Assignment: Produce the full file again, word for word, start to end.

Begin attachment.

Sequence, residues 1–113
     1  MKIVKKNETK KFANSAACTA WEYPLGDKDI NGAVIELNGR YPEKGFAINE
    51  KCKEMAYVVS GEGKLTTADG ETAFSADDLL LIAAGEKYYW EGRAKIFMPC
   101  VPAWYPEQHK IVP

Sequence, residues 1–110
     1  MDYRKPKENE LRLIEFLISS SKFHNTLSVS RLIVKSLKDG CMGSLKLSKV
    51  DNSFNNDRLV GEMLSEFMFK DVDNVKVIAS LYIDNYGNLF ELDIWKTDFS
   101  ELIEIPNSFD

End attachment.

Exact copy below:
Sequence, residues 1–113
     1  MKIVKKNETK KFANSAACTA WEYPLGDKDI NGAVIELNGR YPEKGFAINE
    51  KCKEMAYVVS GEGKLTTADG ETAFSADDLL LIAAGEKYYW EGRAKIFMPC
   101  VPAWYPEQHK IVP

Sequence, residues 1–110
     1  MDYRKPKENE LRLIEFLISS SKFHNTLSVS RLIVKSLKDG CMGSLKLSKV
    51  DNSFNNDRLV GEMLSEFMFK DVDNVKVIAS LYIDNYGNLF ELDIWKTDFS
   101  ELIEIPNSFD